From 1980 to 1997, Wolff taught at Syracuse University in New York. In 1982, he published his first collection of short stories, In the Garden of North American Martyrs, which won the St. Lawrence Book Award, given annually by Black Lawrence Press. The collection features tales of everyday life and everyday people who go slightly awry, such as a group of hunters who shoot one of their party and get lost trying to take him to a hospital, or a college professor who breaks from decorum at a sham job interview and presents a horrifying story of martyrdom to a roomful of unsuspecting professors. Wolff would go on to publish two additional collections of short stories. In 1984, he published, The Barracks Thief, a novella about three young paratroopers waiting to be sent to Vietnam that won the PEN/Faulkner Award for Fiction. The novella explores the relationships among the men and their responses when they discover a thief stealing from the soldiers. Ten years later, he produced his second memoir, In Pharaoh’s Army: Memories of the Lost War (1994), this time recounting his military experience and his experiences at Oxford. In 1997, he took a teaching position at Stanford. Wolff’s second novel, Old School, was published in 2003. It tells the story of a boy, the narrator and protagonist, who is out of place at an elite prep school, much like Wolff’s real-life experiences at The Hill. The unnamed narrator, a high school senior, recounts how he and his friends compete to win an audience with literary personalities of the day, including Robert Frost, Ayn Rand, and Ernest Hemmingway.

Wolff is careful to distinguish between his memoirs, which recount actual events, and his short stories and novels, which are inspired by life but are not factual accounts. The two forms of Wolff’s writing resemble each other, however, in their themes of violence and deceit and in their straightforward, unadorned prose. Although Wolff resists being labeled as part of a literary school, critics often refer to his writing as dirty realism. A Catholic, Wolff engages religion in some of his stories, though not in a moralizing tone. Instead, he suggests that the influence or presence of God in one’s life, or grace, may be found in the commonplace and ordinary circumstances of his stories.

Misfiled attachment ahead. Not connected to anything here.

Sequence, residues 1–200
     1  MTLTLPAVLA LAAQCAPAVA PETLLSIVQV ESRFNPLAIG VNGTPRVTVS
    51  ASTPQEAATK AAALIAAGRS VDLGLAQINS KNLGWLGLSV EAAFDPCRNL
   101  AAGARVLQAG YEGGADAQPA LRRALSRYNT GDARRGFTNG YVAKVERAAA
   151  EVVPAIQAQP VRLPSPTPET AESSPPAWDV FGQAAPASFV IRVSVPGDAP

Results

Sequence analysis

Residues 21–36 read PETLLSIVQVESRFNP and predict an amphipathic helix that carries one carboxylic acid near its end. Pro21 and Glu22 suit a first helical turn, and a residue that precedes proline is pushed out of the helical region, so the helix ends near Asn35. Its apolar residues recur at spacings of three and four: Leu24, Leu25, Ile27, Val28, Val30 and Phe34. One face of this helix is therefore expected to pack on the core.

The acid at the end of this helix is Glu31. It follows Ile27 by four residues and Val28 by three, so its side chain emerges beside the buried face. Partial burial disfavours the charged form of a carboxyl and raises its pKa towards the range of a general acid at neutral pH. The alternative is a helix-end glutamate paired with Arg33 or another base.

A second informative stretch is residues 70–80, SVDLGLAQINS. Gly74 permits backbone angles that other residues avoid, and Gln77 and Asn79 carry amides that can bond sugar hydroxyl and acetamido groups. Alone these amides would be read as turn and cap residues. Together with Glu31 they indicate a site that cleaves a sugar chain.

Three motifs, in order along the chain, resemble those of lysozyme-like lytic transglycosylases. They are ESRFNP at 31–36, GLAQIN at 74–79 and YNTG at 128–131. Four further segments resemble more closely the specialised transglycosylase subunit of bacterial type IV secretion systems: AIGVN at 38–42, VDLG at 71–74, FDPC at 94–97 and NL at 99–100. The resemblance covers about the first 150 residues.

Wolff resides in Stanford and is the emeritus Ward W. and Priscilla B. Woods Professor in the School of Humanities and Sciences at Stanford University. In 2015, he received a National Medal of Arts from Pres. Barack Obama.

Selected Works by Tobias Wolff

Ugly Rumors (1975)

In the Garden of the North American Martyrs (1981)

The Barracks Thief (1984)

Back in the World (1985)

This Boy’s Life: A Memoir (1989)

In Pharaoh’s Army: Memories of the Lost War (1994)

The Night in Question (1996)

Old School (2003)

Our Story Begins (2008)

Additional Resources

Livings, Jack. “Tobias Wolff, The Art of Fiction No. 183.” The Paris Review 171 (Fall 2004);

Campbell, James. “Brutal Beginnings.” The Guardian, July 18, 2008: 110.

“The Big Read: Old School by Tobias Wolff.” NEA Big Read: Meet Tobias Wolff. National Endowment for the Arts. 2010.